Dr KM Munshi also intended to inculcate consciousness and love for trees among the citizens and popularise planting and tending of trees in farms, villages, and municipal and public lands. Interestingly, the term Van Mahotsav first cropped up in July 1947 after a successful tree plantation drive that was held in Delhi and saw the participation of national leaders like Jawaharlal Nehru, Dr Rajendra Prasad and Abdul Kalam Azad.
Going by the Van Mahotsav history, the choice of picking the first week of July to celebrate the festival was indeed a visionary move. Marking the onset of monsoon season in most parts of the country, most saplings planted during this period have more chances of survival than the ones planted during other times of the year.
It is now a week-long festival, celebrated on different days in different parts of India, but usually between 1 July to 7 July. The Van Mahotsav festival began after a flourishing tree planting drive which was undertaken in Delhi, in which national leaders participated. The festival was simultaneously celebrated in a number of states in India. That festival followed the plantation of millions of saplings of diverse species with the energetic participation of local people and various agencies like the forest department. The new awareness spread as the “Chipko Movement” rose in popularity as a crusade to save mother earth.
Aims Of The Van Mahotsav Day
The continuous demolishing level of trees in India has been a problem for a long time, and Van Mahotsav is important in creating awareness of the issues. According to the forest department, for every tree felled ten trees should be planted to make up for its loss. The festival raises the awareness of trees among people and highlights the need for planting and tending of trees as one of the best ways to prevent global warming and reduce pollution. It helps spread awareness about the harm caused by the cutting down of trees, and it is expected that every citizen of India will plant a sapling in the Van Mahotsav week.
Some of the objectives of Van Mahotsav day as visualized by Dr KM Munshi are as follows:
Providing alternative fuel options
2. Provide fodder leaves for cattle to relieve the intensity of grazing over reserved forests
3. To increase production of fruits, which could be added to the potential food resources of the country
4. Aid in creating shelter-belts around agricultural fields to increase their productivity
5. Boost soil conservation and prevent further deterioration of soil fertility
Planting of trees also helps to avoid soil erosion which may cause floods. Apart from all these aids, sowing trees can be extremely effective in slowing down global warming and trees also help in reducing pollution as they make the air cleaner. More than anything else, it offers a natural aesthetic beauty.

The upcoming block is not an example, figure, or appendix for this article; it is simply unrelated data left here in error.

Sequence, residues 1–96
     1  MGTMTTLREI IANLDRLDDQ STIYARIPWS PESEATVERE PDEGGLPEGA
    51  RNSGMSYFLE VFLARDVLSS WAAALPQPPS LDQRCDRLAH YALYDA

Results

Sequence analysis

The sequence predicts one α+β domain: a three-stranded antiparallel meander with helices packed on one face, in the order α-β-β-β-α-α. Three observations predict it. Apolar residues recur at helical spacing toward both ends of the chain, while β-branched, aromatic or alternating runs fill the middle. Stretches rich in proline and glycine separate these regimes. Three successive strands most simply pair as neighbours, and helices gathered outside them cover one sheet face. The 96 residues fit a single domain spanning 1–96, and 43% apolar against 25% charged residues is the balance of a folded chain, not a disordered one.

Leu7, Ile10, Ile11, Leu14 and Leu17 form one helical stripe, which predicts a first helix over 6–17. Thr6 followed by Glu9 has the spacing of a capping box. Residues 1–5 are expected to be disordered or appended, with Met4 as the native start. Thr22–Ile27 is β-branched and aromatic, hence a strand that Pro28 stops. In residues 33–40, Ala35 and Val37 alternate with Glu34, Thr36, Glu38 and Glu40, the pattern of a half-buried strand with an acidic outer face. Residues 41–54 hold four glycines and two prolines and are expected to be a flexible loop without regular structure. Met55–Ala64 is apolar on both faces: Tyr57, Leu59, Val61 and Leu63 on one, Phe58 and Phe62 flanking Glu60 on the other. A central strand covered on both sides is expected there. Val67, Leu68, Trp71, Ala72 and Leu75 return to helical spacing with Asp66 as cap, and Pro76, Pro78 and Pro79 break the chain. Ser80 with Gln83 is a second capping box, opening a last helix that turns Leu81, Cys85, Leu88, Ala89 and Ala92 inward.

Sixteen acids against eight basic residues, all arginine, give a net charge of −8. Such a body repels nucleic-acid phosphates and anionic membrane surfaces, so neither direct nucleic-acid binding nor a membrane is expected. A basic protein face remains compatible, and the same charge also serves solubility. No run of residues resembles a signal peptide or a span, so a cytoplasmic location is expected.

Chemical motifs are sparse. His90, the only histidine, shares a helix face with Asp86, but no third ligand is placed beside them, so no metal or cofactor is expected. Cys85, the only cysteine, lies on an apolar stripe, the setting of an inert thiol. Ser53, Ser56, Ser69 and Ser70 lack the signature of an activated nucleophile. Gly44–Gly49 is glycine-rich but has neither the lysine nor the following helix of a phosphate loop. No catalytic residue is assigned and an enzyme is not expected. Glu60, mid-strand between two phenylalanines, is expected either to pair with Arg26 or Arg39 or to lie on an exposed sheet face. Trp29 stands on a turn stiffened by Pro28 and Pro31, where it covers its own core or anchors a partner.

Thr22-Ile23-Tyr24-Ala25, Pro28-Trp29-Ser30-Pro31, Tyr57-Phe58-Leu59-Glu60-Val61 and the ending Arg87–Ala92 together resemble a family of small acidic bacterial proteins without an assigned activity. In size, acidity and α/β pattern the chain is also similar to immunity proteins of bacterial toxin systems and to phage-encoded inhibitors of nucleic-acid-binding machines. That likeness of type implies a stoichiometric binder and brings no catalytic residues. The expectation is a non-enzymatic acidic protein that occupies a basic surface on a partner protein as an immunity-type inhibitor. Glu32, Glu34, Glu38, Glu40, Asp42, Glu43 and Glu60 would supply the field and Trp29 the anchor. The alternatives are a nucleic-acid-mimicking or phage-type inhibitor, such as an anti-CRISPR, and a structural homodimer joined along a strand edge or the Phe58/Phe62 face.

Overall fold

VAN Mahotsav India
In India, people celebrate Van Mahotsav day by planting trees or saplings in homes, offices, schools and colleges. The various organizations and volunteers have taken up the free circulation of trees as well. An event that sees lakhs of saplings being planted every year, Van Mahotsav is indeed a celebration of life. With the ever-growing, life-threatening perils of global warming and pollution. The festival aims at increasing the green cover of India.
The stress on planting native trees are more, as they most readily adapt to local conditions, supports local biodiversity and have a high survival rate. In order to supply saplings to various organizations and institutions such as schools, colleges and academic institutions, NGOs and welfare organizations for planting trees, state Governments and civic bodies play a vital role. In India, the most suitable time for tree planting in July, as it is the onset of the monsoon season and likely to be more effective.
As at 2016, tree cover of India (including forests and non-forest areas) was 23.81%. The Government of India has set a target of 33% cover by 2020. In 2015 the State Government of Assam announced that it intended to plant 25 lakh(2.5 million) trees. The officials of Assam said, this would not only benefit the environment but also have a direct influence on the socio-economic development of Assam, which has 70% or its people working in the agricultural sector. Due to the recent state drought, the Maharashtra state government has taken upon itself to give the state a green makeover. The lack of green cover or forests not only disturbs the delicate balance of nature but also harms the ecosystem of the animals. Droughts and floods are a great indicator of this disturbance.
To lend some encouraging support, even the Indian Army has taken up the plantation drive and is aiming at planting lakhs of tree saplings in the state of Maharashtra. Reportedly, the army and the state government have already planted at least seven or eight lakh trees across Maharashtra’s state capital, Mumbai. On 5th June 2015, Indian Naval Academy Ezhimala also came up with tree plantation drive.
‘The Better India’ alongside ‘NAATA Foundation’ has initiated a program, ‘Plant a Tree and Gift a Living, by planting 5000 fruit trees in Aarey Milk Colony, Mumbai. Each of these saplings needs an approximate amount of Rs 100 for their nourishment over the period of 2-3 years, after which they will be sufficient to supplement the income of the community by adding an additional source of livelihood, while also restoring the tree cover of the area.